The original image is in the middle. At left, white-balanced as if the dress is white-gold. At right, white-balanced to blue-black. swiked
Not since Monica Lewinsky was a White House intern has one blue dress been the source of so much consternation.
(And yes, it’s blue.)
The fact that a single image could polarize the entire Internet into two aggressive camps is, let’s face it, just another Thursday. But for the past half-day, people across social media have been arguing about whether a picture depicts a perfectly nice bodycon dress as blue with black lace fringe or white with gold lace fringe. And neither side will budge. This fight is about more than just social media—it’s about primal biology and the way human eyes and brains have evolved to see color in a sunlit world.
Light enters the eye through the lens—different wavelengths corresponding to different colors. The light hits the retina in the back of the eye where pigments fire up neural connections to the visual cortex, the part of the brain that processes those signals into an image. Critically, though, that first burst of light is made of whatever wavelengths are illuminating the world, reflecting off whatever you’re looking at. Without you having to worry about it, your brain figures out what color light is bouncing off the thing your eyes are looking at, and essentially subtracts that color from the “real” color of the object. “Our visual system is supposed to throw away information about the illuminant and extract information about the actual reflectance,” says Jay Neitz, a neuroscientist at the University of Washington. “But I’ve studied individual differences in color vision for 30 years, and this is one of the biggest individual differences I’ve ever seen.” (Neitz sees white-and-gold.)
Usually that system works just fine. This image, though, hits some kind of perceptual boundary. That might be because of how people are wired. Human beings evolved to see in daylight, but daylight changes color. That chromatic axis varies from the pinkish red of dawn, up through the blue-white of noontime, and then back down to reddish twilight. “What’s happening here is your visual system is looking at this thing, and you’re trying to discount the chromatic bias of the daylight axis,” says Bevil Conway, a neuroscientist who studies color and vision at Wellesley College. “So people either discount the blue side, in which case they end up seeing white and gold, or discount the gold side, in which case they end up with blue and black.” (Conway sees blue and orange, somehow.)
We asked our ace photo and design team to do a little work with the image in Photoshop, to uncover the actual red-green-blue composition of a few pixels. That, we figured, would answer the question definitively. And it came close.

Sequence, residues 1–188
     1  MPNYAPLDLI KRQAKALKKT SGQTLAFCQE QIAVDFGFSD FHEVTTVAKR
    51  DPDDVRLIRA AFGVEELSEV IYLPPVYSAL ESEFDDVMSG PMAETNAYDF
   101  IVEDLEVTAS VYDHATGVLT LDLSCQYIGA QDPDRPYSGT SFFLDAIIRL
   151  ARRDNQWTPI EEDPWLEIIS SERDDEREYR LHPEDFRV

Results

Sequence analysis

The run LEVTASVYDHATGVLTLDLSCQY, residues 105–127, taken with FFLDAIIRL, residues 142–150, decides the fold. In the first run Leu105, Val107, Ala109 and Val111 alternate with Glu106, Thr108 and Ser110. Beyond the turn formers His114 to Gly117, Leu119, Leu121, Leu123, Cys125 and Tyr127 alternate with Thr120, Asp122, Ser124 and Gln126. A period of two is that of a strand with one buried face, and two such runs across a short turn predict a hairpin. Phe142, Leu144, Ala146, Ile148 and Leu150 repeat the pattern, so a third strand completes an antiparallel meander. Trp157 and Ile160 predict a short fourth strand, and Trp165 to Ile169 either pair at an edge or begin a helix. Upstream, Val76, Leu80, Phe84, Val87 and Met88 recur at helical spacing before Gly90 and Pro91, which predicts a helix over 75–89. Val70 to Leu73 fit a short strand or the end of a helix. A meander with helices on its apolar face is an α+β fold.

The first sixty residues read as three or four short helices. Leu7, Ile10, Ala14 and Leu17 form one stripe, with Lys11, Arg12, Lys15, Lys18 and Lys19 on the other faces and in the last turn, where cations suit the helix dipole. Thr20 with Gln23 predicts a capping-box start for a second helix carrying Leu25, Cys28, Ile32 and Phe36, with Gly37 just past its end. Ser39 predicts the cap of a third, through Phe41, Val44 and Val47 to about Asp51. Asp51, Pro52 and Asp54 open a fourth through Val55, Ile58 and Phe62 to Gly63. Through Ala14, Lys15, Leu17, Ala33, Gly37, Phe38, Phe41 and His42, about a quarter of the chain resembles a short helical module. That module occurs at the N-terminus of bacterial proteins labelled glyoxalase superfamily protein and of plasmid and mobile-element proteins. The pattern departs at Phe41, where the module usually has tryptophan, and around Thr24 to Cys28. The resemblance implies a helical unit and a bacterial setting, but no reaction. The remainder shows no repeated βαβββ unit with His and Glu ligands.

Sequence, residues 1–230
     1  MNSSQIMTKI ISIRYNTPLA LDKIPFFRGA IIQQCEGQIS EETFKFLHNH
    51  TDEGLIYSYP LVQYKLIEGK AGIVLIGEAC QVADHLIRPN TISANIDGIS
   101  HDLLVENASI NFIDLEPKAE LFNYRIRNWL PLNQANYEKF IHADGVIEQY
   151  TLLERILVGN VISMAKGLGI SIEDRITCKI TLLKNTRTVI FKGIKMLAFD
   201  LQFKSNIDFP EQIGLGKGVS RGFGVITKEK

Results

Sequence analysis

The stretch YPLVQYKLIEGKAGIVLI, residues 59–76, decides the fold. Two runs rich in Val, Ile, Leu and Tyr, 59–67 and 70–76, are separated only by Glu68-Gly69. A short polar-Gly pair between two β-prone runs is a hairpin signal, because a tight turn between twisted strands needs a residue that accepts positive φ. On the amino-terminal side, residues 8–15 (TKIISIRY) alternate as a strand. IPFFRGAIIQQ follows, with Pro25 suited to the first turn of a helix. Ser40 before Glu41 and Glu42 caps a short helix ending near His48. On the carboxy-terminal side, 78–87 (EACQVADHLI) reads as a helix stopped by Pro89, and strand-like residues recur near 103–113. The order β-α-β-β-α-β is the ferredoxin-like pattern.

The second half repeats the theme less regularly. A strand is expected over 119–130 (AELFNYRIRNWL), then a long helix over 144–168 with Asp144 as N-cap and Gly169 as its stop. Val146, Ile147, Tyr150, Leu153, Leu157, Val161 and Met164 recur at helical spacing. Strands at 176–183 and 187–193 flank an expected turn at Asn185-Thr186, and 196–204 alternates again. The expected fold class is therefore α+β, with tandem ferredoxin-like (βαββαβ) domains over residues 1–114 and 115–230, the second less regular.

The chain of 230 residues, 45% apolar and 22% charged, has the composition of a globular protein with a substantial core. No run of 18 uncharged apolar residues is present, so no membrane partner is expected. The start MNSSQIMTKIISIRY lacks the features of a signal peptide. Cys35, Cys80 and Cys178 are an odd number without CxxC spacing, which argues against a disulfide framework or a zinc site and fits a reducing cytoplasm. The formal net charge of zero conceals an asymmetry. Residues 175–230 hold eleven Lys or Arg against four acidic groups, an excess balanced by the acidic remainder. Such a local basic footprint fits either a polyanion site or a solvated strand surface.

In the image as presented on, say, BuzzFeed, Photoshop tells us that the places some people see as blue do indeed track as blue. But…that probably has more to do with the background than the actual color. “Look at your RGB values. R 93, G 76, B 50. If you just looked at those numbers and tried to predict what color that was, what would you say?” Conway asks.
So…kind of orange-y?
“Right,” says Conway. “But you’re doing this very bad trick, which is projecting those patches on a white background. Show that same patch on a neutral black background and I bet it would appear orange.” He ran it through Photoshop, too, and now figures that the dress is actually blue and orange.
The point is, your brain tries to interpolate a kind of color context for the image, and then spits out an answer for the color of the dress. Even Neitz, with his weird white-and-gold thing, admits that the dress is probably blue. “I actually printed the picture out,” he says. “Then I cut a little piece out and looked at it, and completely out of context it’s about halfway in between, not this dark blue color. My brain attributes the blue to the illuminant. Other people attribute it to the dress.”
Even WIRED’s own photo team—driven briefly into existential spasms of despair by how many of them saw a white-and-gold dress—eventually came around to the contextual, color-constancy explanation. “I initially thought it was white and gold,” says Neil Harris, our senior photo editor. “When I attempted to white-balance the image based on that idea, though, it didn’t make any sense.” He saw blue in the highlights, telling him that the white he was seeing was blue, and the gold was black. And when Harris reversed the process, balancing to the darkest pixel in the image, the dress popped blue and black. “It became clear that the appropriate point in the image to balance from is the black point,” Harris says.
So when context varies, so will people’s visual perception. “Most people will see the blue on the white background as blue,” Conway says. “But on the black background some might see it as white.” He even speculated, perhaps jokingly, that the white-gold prejudice favors the idea of seeing the dress under strong daylight. “I bet night owls are more likely to see it as blue-black,” Conway says.
At least we can all agree on one thing: The people who see the dress as white are utterly, completely wrong.